I haven’t pissed anybody off in a while, so let’s get to it. The title should be ignored. People in the media just like to say - "The Age of Obama," so I thought I'd give this post that title. Rather, we discuss here same sex marriage.
One of the positions taken by politicians on the left and right that just baffles me in this supposedly enlightened age is the whole same sex marriage thing. You can figure where I sand by that first sentence. I’m going to address those of you who almost instinctively say “no way” in a bit. First, a little pretext.
All of the candidates (Obama/Biden, McCain/Palin) were for same sex rights, but, against same sex marriage. Out of the 18 even marginally serious candidates who campaigned, I don’t remember any of them being for same sex marriage, although I may be wrong about that on the Democratic side (not sure how Kucinich stands). It is almost certainly right to say that none of the Republican candidates favor it, as, holding such a position would be absolute political death in that party. As for the Democratic candidates, it probably would not be death; it might even be applauded by some of their constituency, but, in a general election it would be perceived as working against them.
As a rule, Americans seem to be somewhat more against the idea than for it. Just using an ABC/Washington Post poll from January, 2008, as example:
55 percent were against legalizing same sex marriage, with only 41 percent to make it legal. 51 percent were for civil unions, though, with 46 percent for it. Only 38 percent were for amending the constitution to outlaw same sex marriage; with 58 percent in favor of allowing states to decide.
Of course, there was a split between different groups. For example, percentage-wise, a fair amount of women were in favor of legalizing same sex marriage than men -45 to 38 percent; Republicans were for more against it 72/24 than were Democrats 46/50. While conservatives were only a little differentiated than Republican, liberals were far more in favor of it, 69 (spare me the joke) percent favoring it. However, self described political moderates were 52/44 against. While unmarried people were virtually split for/against, almost two thirds of married people were against it. Not surprisingly, self described evangelists were even more against it – 81 percent and those without religion for it, but not as fervently – 66 percent.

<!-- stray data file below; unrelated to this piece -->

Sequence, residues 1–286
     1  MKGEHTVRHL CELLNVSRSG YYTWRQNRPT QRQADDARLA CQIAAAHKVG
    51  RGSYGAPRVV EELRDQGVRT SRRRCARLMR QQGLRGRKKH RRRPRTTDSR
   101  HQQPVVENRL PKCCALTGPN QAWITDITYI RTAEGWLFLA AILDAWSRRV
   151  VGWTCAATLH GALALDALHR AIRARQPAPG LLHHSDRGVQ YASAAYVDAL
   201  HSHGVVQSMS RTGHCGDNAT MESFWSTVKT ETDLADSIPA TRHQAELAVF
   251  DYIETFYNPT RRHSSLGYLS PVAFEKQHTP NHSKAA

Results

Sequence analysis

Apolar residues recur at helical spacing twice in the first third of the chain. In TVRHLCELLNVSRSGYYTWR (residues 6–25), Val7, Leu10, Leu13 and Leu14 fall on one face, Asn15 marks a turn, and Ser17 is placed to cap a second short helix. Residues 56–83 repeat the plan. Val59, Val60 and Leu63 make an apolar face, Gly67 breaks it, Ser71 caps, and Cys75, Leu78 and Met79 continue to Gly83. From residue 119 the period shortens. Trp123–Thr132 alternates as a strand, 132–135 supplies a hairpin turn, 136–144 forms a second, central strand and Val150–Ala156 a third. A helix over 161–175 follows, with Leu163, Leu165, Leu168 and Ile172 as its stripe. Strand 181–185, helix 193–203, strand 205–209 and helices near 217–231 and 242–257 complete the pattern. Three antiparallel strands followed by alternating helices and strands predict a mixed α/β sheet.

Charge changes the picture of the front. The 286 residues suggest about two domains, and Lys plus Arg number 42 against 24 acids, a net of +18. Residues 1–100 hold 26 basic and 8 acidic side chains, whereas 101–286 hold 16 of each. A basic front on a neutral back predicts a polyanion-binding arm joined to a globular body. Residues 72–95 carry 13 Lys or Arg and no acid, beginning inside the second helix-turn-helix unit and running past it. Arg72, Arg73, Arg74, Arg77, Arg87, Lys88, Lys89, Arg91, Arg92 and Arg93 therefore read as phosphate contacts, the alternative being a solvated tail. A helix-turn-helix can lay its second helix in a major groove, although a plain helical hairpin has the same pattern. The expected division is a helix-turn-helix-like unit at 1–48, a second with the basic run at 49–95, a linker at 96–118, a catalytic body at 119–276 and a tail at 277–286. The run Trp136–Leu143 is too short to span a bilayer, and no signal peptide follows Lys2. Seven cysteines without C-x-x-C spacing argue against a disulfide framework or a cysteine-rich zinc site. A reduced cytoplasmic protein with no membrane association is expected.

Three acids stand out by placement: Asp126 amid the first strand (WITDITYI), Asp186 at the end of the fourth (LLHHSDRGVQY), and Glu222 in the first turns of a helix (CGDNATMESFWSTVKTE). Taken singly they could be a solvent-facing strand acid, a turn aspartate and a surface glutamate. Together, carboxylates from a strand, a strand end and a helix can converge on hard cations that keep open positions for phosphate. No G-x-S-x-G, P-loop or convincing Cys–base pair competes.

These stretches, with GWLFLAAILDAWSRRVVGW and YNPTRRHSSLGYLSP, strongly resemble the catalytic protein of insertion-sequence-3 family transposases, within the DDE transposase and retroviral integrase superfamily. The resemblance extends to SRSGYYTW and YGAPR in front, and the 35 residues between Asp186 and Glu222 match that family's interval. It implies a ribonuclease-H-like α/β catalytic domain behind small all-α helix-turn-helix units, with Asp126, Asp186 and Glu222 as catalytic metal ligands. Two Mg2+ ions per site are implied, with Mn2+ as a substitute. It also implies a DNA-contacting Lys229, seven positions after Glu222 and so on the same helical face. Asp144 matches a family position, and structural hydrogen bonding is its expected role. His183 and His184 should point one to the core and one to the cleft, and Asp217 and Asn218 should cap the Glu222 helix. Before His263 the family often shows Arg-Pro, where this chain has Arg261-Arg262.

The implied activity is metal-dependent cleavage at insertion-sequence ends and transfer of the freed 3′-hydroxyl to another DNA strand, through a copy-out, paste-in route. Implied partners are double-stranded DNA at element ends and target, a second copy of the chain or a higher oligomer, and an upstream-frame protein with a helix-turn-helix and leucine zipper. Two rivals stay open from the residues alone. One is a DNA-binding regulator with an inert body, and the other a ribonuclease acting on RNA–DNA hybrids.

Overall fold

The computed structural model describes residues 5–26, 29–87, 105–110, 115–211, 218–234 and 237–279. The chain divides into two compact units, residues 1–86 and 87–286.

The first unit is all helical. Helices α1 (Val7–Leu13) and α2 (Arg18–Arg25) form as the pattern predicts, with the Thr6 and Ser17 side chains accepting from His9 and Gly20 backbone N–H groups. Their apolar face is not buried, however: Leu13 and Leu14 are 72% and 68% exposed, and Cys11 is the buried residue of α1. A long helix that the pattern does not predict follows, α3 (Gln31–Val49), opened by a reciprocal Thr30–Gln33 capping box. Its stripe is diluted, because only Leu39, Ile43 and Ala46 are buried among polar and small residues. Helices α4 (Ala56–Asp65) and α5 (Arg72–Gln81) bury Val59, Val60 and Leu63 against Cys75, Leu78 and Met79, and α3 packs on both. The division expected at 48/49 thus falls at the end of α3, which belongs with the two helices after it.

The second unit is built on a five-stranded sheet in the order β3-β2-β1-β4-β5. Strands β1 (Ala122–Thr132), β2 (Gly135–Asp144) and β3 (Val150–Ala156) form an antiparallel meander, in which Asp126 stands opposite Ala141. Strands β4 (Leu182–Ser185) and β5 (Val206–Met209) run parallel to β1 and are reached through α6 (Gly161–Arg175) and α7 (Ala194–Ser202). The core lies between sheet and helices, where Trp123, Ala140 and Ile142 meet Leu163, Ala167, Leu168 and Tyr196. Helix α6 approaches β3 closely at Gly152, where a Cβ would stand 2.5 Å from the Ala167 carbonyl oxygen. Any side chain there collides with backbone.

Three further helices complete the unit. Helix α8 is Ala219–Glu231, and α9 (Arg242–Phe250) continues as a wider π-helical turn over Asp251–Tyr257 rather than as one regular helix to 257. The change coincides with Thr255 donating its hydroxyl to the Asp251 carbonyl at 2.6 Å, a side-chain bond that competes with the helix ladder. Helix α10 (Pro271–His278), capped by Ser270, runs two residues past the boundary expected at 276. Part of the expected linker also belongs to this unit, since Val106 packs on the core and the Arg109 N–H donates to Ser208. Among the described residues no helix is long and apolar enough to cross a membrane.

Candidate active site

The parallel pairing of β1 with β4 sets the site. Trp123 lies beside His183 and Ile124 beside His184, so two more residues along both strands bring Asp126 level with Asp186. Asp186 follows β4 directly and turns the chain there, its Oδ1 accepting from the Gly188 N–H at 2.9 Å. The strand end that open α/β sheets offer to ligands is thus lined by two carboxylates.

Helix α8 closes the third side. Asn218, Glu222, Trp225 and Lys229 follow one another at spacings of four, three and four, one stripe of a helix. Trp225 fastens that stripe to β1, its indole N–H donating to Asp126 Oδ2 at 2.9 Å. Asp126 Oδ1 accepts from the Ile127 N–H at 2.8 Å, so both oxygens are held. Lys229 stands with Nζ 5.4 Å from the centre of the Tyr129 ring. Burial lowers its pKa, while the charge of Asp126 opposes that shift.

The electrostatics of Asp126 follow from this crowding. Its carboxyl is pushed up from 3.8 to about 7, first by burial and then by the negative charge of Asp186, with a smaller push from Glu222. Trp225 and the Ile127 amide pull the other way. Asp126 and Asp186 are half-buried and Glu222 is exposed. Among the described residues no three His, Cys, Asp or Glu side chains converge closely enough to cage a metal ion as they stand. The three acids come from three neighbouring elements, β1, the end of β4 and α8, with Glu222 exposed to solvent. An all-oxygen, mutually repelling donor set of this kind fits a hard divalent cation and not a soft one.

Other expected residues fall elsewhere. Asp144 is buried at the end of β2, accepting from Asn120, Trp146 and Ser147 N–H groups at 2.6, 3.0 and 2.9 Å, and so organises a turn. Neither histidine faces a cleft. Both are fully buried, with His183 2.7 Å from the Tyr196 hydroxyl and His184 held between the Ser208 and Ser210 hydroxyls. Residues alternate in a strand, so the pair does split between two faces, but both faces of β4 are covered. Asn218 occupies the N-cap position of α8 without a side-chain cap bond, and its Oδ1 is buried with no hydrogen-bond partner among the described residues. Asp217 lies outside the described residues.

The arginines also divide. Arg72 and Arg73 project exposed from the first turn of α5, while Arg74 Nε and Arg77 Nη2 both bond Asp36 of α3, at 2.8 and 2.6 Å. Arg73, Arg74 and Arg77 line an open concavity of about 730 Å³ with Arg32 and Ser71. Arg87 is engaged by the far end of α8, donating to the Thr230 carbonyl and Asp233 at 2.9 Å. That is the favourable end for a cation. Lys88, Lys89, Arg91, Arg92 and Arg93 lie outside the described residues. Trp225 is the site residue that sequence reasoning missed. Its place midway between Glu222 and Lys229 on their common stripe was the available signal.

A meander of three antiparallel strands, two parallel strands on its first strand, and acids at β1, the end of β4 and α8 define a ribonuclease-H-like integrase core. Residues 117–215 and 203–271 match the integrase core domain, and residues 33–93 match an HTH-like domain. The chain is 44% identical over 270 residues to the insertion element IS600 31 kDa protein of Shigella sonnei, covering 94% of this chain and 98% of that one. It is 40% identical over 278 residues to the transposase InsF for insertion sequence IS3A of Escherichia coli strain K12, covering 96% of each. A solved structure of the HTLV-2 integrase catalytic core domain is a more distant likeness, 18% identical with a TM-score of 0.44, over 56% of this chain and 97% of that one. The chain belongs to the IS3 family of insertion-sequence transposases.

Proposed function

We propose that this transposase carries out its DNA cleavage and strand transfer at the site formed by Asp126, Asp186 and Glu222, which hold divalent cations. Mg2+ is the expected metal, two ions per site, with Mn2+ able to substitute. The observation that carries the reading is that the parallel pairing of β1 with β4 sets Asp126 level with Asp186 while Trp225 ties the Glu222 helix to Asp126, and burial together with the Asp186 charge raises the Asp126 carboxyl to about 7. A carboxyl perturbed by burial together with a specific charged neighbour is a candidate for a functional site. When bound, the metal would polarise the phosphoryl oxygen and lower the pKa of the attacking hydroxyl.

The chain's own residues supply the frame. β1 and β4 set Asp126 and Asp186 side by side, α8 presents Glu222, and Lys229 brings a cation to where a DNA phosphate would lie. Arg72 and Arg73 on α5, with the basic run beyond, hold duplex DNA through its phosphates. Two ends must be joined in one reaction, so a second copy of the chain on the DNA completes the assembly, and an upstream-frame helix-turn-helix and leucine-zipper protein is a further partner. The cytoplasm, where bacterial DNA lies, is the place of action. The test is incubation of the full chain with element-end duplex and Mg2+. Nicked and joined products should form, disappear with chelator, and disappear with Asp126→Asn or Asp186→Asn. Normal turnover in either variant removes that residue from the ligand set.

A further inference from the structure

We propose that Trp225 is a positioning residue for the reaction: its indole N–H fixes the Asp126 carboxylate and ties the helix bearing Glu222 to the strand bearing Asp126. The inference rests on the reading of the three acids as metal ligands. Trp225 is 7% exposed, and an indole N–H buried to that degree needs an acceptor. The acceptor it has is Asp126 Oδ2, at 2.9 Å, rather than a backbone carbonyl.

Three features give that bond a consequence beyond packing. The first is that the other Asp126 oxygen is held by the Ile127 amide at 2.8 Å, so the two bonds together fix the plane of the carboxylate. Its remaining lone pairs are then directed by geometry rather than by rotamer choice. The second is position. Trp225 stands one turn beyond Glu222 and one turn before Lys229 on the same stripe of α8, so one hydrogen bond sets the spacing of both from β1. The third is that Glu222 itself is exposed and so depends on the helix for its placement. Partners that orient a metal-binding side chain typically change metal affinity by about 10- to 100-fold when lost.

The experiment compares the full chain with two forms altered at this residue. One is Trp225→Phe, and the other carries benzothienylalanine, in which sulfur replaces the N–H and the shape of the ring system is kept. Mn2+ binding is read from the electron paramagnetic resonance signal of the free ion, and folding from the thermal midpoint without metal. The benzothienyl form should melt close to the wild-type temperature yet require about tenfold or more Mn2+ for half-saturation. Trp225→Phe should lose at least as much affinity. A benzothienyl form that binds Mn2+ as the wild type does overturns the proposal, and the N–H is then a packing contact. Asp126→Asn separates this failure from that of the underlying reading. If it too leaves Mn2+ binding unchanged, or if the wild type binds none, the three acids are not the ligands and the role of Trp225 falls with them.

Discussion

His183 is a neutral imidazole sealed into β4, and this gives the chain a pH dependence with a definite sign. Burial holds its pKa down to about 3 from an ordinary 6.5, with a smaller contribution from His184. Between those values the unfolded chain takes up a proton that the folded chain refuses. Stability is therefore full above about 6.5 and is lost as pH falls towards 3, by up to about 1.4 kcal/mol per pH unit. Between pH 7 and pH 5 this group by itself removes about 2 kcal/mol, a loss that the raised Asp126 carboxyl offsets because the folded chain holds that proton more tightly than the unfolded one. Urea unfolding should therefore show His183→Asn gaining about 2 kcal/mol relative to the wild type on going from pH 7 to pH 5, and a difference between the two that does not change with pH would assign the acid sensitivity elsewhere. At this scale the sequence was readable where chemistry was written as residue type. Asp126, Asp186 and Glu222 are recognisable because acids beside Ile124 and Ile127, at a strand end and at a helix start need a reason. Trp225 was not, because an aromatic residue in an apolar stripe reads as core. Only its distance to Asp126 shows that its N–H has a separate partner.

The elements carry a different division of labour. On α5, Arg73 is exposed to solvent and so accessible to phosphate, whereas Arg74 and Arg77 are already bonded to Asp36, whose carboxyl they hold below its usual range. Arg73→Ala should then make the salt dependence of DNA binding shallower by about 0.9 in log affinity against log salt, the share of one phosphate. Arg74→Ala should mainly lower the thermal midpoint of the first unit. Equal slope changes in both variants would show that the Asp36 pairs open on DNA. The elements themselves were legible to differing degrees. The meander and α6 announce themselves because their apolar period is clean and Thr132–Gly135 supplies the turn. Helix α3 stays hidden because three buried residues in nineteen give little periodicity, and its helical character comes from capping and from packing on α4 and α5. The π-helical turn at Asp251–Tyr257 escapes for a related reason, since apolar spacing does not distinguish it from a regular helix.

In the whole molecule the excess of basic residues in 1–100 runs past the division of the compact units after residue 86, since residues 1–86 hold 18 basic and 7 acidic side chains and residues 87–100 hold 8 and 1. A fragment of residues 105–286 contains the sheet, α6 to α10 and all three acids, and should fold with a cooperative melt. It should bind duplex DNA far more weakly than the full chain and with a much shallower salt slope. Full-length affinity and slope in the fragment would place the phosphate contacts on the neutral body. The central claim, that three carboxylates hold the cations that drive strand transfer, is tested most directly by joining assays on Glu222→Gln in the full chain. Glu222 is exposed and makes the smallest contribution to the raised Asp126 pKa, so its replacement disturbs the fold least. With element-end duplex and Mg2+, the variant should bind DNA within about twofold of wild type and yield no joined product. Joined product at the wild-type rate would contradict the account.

As we all know, in several states the judiciary, or, at least some judges, have determined that it is legal as a consequence of the equal protection clause in their constitution. However, in California, known for its liberal judges, the same electorate that went 61 percent for Obama, went somewhat above 50 percent (exact number is unclear as of yet) in favor of basically making the popular statute defining marriage as between a man and a woman, into a constitutional amendment, thus superseding the case law which overturned the earlier statute.
A few weeks ago I was driving home and thinking about the same sex debate. For me, it is simple. My thought at that time was that this is what happens when the government continues to entangle itself in religious matters. A few days later I was conversing with the husband of a relative who suggested that the best way to handle it – although unlikely to ever happen – was to make civil unions the legal institution for everyone , and have marriages be a religious or otherwise philosophic commitment. His thought was a more developed version of mine and I adopt it despite its improbability. I call it the Littlefield solution after its originator (with apologies to all other of those who have thought of it).